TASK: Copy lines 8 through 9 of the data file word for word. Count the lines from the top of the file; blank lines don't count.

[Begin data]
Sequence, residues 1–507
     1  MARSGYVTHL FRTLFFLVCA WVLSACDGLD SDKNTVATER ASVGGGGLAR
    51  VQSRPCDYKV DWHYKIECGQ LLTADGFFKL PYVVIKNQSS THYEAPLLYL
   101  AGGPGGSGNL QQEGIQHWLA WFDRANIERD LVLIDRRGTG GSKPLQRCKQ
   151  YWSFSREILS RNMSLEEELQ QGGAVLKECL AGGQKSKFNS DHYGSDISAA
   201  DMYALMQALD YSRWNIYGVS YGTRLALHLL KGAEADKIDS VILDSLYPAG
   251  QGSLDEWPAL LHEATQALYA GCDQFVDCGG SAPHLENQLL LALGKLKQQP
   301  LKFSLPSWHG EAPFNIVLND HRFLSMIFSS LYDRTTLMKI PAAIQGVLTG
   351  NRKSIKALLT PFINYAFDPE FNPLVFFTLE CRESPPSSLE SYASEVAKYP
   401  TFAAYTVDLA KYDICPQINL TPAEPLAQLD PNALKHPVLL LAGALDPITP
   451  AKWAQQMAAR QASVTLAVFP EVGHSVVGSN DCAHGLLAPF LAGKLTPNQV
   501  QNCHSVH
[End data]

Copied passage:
   301  LKFSLPSWHG EAPFNIVLND HRFLSMIFSS LYDRTTLMKI PAAIQGVLTG
   351  NRKSIKALLT PFINYAFDPE FNPLVFFTLE CRESPPSSLE SYASEVAKYP